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THEIR music is so distinctive and hypnotic that it is impossible not to love Goodluck. The Cape Town electro swing and dance duo captured the attention of millions of fans with their first album, Taking It Easy. And now, three years since Goodluck debuted on the South African stage, they are bigger and better than ever before.
Ben Peters and Juliet Harding are the brilliant musicians behind the band, with Raiven Hansmann at live shows only. What’s impressive about the band is that they have performed more than 400 live shows in their short career.
Tonight tracked down Peters to learn more about their new album and the crazy adventure the band has been on for the past four years. Peters is loud, confident and friendly. As producer of the band, he says: “When I first started doing the project, it was my first album that I produced. I never worked in electro music before. And Goodluck had received three Sama nominations and five tracks off that album that went to number one, which made Goodluck number one in chart-topping singles off a debut album in South African history. It was a daunting process. We didn’t expect it be so good with the first album.”
He says the group have grown as musicians. After touring the world, Goodluck spent a lot of time in The Netherlands, which helped to develop their sound. He also says they have a huge following there.
Shedding light on their new album, Creatures of the Night, he says they wanted a different approach with this project. Goodluck fans will know that the band decided to record their new album in the Namibian desert. Watching the scenes of the making of the album on Top Billing, it was fascinating to learn that Goodluck incorporated the sounds of nature and wildlife into their latest collection.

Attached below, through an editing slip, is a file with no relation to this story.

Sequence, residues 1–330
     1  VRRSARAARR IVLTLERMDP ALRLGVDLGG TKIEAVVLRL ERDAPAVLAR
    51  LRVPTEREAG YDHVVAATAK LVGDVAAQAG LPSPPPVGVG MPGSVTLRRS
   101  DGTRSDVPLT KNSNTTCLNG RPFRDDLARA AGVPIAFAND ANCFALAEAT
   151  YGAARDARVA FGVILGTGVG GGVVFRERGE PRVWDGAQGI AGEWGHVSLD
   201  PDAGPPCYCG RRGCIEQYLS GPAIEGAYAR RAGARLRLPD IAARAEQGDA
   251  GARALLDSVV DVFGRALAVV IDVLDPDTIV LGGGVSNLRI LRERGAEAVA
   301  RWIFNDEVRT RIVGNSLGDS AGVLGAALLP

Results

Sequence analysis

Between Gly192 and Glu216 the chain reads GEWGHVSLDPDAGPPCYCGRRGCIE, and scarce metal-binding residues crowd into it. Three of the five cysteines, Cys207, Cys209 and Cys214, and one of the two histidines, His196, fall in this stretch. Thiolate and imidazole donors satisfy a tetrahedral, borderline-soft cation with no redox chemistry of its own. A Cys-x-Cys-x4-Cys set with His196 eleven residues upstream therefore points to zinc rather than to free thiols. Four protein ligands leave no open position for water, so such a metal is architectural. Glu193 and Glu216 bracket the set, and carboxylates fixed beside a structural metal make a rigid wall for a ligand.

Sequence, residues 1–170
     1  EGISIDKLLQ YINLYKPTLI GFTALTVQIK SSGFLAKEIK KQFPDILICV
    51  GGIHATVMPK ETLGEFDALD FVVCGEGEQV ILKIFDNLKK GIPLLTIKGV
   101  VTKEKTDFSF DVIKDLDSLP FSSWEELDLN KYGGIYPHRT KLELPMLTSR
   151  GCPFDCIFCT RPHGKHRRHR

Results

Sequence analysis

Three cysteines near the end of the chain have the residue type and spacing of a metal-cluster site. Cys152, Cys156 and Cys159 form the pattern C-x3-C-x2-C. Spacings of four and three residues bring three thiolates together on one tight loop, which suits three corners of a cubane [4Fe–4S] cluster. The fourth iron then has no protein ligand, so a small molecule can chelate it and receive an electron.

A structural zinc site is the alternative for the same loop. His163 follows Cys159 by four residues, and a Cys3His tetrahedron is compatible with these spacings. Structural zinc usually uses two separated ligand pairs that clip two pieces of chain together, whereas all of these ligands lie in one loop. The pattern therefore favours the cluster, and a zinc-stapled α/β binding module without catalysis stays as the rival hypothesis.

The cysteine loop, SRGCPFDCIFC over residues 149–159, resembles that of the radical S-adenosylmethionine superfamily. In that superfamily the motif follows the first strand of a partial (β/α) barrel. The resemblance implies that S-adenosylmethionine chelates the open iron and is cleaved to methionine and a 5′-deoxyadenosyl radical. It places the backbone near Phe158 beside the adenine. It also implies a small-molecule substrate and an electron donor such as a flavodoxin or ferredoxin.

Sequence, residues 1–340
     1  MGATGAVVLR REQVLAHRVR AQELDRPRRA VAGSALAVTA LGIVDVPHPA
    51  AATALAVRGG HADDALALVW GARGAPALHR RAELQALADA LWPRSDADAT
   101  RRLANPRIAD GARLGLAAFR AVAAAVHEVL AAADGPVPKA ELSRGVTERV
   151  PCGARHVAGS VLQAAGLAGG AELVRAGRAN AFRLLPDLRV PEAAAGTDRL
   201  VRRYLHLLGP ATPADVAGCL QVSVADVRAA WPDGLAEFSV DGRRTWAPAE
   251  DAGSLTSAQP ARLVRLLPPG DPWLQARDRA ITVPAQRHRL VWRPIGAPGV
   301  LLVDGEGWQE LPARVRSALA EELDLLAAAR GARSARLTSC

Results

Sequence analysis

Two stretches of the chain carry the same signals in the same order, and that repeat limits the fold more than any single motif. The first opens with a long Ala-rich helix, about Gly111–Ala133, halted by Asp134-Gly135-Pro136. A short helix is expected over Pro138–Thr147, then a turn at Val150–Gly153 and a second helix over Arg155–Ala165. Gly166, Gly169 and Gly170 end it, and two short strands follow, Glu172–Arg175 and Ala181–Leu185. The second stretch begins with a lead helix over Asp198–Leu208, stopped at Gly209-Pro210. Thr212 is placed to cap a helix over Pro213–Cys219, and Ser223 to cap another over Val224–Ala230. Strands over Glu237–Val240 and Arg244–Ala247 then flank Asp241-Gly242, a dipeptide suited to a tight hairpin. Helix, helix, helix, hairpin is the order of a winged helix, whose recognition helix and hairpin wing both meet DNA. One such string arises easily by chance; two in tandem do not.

He shares the experience: “We wanted to do something extraordinary with the album, that’s where the cherry on the cake comes in. I could see that the whole band was empty. We were exhausted after touring and doing so many live gigs. So I suggested we go to an environment that will inspire us.
“I did a little research and figured out the best place to go to is the Namibian desert. It’s the quietest place in the world. The idea was to go to the desert and take our gear and equipment there. So I got help with developing new solar technology that I needed for the power. We spent two weeks in the desert and recorded the entire album there.”
The guys also decided to take a film crew along to document the experience. They are releasing a feature-length documentary titled This Might Sound Crazy which showcases the production of the album in the Namib Desert.
“We were asked by Amsterdam Dance Event to come over and launch an exclusive movie to their panel. So we launched the doc to the press and that was the coolest thing. We had no idea what the feedback would be like but the press absolutely went crazy. The response has been amazing.”
Having watched Goodluck live, the band never disappoint. They are explosive, dynamic and energetic from start to finish.
I ask Peters how their sound has progressed over the years and what makes the new album different from the last? “It’s not an art album. It’s still our style of making music. It’s more mature and wiser and a lot darker. It’s heavier. That’s the European thing that we’ve taken. It’s still the Goodluck that our fans love.”
With their first performance at Live – The Venue on Saturday, Peters says he’s stoked to be at such a great venue: “There are so few left in the country. We’ve gone to the lengths of showcasing how we are as a live electronic band. So there will be a lot more instruments and equipment and a lot more new songs. So you guys can look forward to a really spectacular, polished show from us.”